2013-2-18: Information Station Column
We thought it would be fun to run a series called “Did you know….” To make sure you are aware of many of the things that library can offer you! Stay tuned for more installments in our series!
Did you know…..
….you can check out art prints to decorate your home or office? Stop in to see our selection.
….you can have the most recent copies of magazines to read as they are released without ever having to come into the library to check them out? They come right to your PC or tablet with Zinio – a recent addition on our homepage.
….we offer 6 different storytimes at our library? Visit our website or call to learn more.
….if you are doing work on your home we have a database to help you with those projects? Click on the EbscoHost button on our homepage and then open the Home Improvement Reference Center. You will find videos and helpful links to help you with your home improvements!
….you can get an email everyday telling you when your books are due? Go to our homepage and click on Library Elf to get signed up. OR – BRAND NEW – just go into your account and enter an email and/or cell phone number for daily email or texts when you have overdue items. If you need help setting up a log in for your library account – feel free to give us a call.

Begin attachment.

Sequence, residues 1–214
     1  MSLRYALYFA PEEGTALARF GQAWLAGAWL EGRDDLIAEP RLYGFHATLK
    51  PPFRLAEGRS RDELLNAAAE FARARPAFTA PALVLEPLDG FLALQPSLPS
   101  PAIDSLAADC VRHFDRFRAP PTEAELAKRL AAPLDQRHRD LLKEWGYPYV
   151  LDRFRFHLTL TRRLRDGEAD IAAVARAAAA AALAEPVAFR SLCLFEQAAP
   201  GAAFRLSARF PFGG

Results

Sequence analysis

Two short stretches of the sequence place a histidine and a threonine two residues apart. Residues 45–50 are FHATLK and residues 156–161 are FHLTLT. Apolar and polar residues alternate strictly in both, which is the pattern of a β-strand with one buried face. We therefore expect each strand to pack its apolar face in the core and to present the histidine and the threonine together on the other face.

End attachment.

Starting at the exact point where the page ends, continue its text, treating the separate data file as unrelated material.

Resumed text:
Visit the Sioux Center Public Library at www.siouxcenter.lib.ia.us to explore all this and more!
A Home is a Roof Over a Pig by Aminta Arrington
I am going to say right off that I am probably biased on this book! I have two daughters that were born in China and I read anything I can get my hands on that has to do with Chinese culture. So I was drawn right in with the whole concept of this novel. The Arrington’s are an American family that decides to leave their Georgia suburb and move to a small town in China to teach. Aminta leaves, with her husband and three small children, and they plant themselves in China to get all they can out of the culture and, hopefully, give their adopted daughter, Grace, born in China, a part of the culture she lost when the Arrington’s brought her to America as an infant. Their story is powerful – they share with us so many of the things they learn about the Chinese culture but not from a biased viewpoint – it is honest and thought-provoking and gives the reader a much greater understanding of the culture that is so vastly different from our own.